Pop stars are marketing unhealthy food and drink -- and that's a problem
Why are Justin Timberlake and Britney Spears sweet on Pepsi? That's the question being addressed in a study published in the journal Pediatrics by researchers at New York University School of Medicine. They investigated the food industry's use of music celebrities to endorse sweetened beverages such as soda and less-than-nutritious foods such as fast foods. These celebrities can land multimillion dollar deals for endorsing these products.
The researchers uncovered that 65 of 163 pop stars were associated with 57 different food and beverage brands. Pop stars were identified by reviewing Billboard Magazine's "Hot 100" song charts from 2013 and 2014 and Teen Choice Award winners, which helped assess the popularity of these artists among adolescents. The Teen Choice Awards, for example, rely on the votes of adolescent audiences to honor the most popular celebrities in the media limelight, including the music industry. If you're a music artist and receive such an award, chances are pretty good that a huge amount of adolescents are downloading your music from iTunes.
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The researchers then looked at the nutritional value of these celebrity-endorsed products and found that the majority were unhealthy; more than 70 percent of the beverage and food endorsements were for sugar-sweetened beverages and fast food. While the artist Psy goes nuts over healthy pistachios, the researchers found that there weren't any other celebrities endorsing foods such as fruits, vegetables or whole grains.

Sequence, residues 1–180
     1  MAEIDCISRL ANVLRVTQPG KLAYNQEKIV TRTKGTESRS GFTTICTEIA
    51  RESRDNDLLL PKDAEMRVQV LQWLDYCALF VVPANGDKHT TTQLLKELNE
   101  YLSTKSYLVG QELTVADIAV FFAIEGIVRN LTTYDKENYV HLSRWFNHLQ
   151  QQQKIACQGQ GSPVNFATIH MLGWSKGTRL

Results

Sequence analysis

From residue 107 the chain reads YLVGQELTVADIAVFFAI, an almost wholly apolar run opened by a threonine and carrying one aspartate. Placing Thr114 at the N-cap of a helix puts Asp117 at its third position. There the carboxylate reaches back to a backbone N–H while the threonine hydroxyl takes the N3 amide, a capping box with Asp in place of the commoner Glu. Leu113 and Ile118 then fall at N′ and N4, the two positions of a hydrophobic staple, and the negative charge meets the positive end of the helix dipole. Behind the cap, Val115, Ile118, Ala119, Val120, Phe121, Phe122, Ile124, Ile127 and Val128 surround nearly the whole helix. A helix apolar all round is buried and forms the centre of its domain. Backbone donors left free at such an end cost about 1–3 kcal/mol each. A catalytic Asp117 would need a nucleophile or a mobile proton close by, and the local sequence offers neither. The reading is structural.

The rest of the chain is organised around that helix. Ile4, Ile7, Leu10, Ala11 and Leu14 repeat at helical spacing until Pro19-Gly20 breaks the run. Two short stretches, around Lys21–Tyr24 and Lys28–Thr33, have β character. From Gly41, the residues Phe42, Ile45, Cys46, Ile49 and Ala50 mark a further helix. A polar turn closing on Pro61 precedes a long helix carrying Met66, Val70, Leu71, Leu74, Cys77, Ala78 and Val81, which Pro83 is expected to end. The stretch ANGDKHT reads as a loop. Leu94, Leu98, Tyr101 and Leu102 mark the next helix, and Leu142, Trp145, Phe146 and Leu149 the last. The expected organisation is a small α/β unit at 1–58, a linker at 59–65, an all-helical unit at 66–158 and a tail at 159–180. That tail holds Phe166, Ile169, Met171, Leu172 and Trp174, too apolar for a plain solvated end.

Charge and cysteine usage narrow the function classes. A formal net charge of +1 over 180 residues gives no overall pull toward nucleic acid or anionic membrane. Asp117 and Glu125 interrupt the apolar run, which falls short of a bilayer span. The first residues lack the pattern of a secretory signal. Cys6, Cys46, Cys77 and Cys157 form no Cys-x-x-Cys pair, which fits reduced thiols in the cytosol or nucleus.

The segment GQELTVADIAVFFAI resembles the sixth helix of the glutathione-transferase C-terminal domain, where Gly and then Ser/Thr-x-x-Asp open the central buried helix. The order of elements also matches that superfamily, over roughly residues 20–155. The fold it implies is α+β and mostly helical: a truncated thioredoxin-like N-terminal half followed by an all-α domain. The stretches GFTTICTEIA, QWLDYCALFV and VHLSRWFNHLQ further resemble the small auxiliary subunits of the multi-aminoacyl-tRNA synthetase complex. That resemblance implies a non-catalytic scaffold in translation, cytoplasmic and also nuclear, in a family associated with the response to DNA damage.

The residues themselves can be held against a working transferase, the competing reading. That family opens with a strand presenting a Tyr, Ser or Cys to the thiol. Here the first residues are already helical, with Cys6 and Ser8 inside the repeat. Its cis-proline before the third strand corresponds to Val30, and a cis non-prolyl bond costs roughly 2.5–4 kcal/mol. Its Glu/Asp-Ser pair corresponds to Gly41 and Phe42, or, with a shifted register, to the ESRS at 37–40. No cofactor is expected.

Here are some of the celebrities included in the study and their endorsements:
Endorsed Food or Beverage
Dr. Pepper, Red Bull, Pepsi Regular
Coca-Cola, Doritos, Dr. Pepper, Pepsi Regular
McDonald's, Pepsi Regular, GG Tea
McDonald's, Pepsi Regular
McDonald's, Pop-Tarts, Cadbury
Dr. Pepper, Pepsi Regular, Sheets Energy Strips
Hot Pockets, Monster Energy
Source: Pediatrics, 2016.
According to the study, research has shown that celebrity endorsements promote a higher preference for these products among consumers, which may explain why the food and beverage industry spends $2 billion each year on advertisements directed toward the youth market. "Hopefully, the findings from this study could start a discussion of shifting food and beverage marketing from less healthy products to healthier alternatives given that childhood obesity is such a prevalent problem in the United States," says Marie Bragg, PhD, the lead author of the study and an assistant professor at NYU Langone Medical Center.
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While many food and beverage companies – such as Coca-Cola, PepsiCo and McDonald's – are part of the Children's Food and Beverage Advertising Initiative, which means they've voluntarily pledged to reduce the marketing of unhealthy foods to kids who are under 12 years old, both adolescents and teens have grown out of this category, and therefore are "fair game" for the advertisers.
"Minimizing marketing to those under 12 years is great; however, most of those children eat the foods that are brought into the home for them by parents or caregivers," says registered dietitian Kristi King, spokesperson for the Academy of Nutrition and Dietetics. "Adolescents are unique, as this is the age when they start to control their own spending and make their own choices, especially on food and beverages. I would welcome the idea of extending this food marketing pledge to the adolescent age group."
Let's start the discussion.
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